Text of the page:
This is not to belittle the achievements of a Gandhi or a King, or even of a  Day but in the course of time or perhaps the telling of their stories does place some distance between our lives and theirs.  While we honor their accomplishments, their personage becomes elevated to something higher perhaps even destined to have played out as it did and we cannot see ourselves doing what they did.   

I look back on my life and sometimes I get a sense that it makes perfect sense that I am where I am today.  The opportunities that are presented to me seem to be perfect in building on what came before.  Perhaps I would also be saying this if I had pursued some of my other options more fully… for a time I majored in theater.  Where would that path have taken me?  Would it, like in Sliding Doors lead me to exactly where I am today?  I also pursued writing, specifically fiction and  poetry.  Would this path have led me here?  I have an unfinished manuscript where the main character in the story goes off to seminary.  I had to stopped writing as I had no clue what seminary was like.  At the time, my actually attending seminary was not in the works.  Ten years later attending seminary happened.  So was it my destiny?  Was I tapping into what was already written about my life?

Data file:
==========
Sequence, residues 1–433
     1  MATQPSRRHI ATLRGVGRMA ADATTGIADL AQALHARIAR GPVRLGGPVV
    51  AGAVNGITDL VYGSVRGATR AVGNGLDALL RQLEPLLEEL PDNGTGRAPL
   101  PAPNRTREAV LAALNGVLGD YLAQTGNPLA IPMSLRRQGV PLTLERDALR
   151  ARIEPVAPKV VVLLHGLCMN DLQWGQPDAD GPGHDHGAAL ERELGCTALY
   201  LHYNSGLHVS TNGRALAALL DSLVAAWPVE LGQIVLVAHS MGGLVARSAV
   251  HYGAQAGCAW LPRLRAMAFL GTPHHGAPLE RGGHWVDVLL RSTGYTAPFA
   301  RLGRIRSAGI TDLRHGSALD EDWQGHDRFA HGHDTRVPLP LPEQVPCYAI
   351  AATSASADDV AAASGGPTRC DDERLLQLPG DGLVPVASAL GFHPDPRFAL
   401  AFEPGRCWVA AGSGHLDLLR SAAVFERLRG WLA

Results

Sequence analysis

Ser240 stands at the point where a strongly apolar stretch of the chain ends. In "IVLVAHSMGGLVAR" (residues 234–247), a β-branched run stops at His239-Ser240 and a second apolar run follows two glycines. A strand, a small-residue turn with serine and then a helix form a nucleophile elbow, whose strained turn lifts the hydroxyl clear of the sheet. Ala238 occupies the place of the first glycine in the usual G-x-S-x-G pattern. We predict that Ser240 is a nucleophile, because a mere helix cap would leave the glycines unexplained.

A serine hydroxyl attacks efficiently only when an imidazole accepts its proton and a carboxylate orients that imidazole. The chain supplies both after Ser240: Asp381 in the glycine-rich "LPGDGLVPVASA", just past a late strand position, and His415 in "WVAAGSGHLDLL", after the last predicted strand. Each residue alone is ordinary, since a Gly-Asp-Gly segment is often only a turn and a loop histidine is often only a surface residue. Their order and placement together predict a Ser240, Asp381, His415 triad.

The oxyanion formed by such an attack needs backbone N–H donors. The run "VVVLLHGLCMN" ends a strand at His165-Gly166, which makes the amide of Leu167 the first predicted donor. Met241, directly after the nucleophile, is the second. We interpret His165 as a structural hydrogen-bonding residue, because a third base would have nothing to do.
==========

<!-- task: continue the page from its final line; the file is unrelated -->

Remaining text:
These are questions that I will probably continue to ponder for the rest of my days.  In the meantime, I intend to be open to the possibilities and see what options open before me.    Blessings,

Published in: on March 2, 2009 at 8:08 pm  Comments Off on It Is Written